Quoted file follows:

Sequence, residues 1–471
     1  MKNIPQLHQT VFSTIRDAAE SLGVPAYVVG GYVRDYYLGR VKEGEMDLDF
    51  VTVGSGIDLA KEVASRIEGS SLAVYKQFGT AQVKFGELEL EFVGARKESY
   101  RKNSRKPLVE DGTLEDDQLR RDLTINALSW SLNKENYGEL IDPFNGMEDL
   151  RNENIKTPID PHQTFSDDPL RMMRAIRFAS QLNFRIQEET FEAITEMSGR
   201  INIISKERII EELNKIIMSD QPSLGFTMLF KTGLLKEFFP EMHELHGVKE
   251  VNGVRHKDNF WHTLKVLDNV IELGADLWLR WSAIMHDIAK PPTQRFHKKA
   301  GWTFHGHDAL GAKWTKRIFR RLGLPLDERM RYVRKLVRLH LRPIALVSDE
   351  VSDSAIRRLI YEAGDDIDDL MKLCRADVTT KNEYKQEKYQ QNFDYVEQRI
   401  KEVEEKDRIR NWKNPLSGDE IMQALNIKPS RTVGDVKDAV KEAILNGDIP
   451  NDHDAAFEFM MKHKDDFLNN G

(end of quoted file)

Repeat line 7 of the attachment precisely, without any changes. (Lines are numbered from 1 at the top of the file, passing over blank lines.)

   251  VNGVRHKDNF WHTLKVLDNV IELGADLWLR WSAIMHDIAK PPTQRFHKKA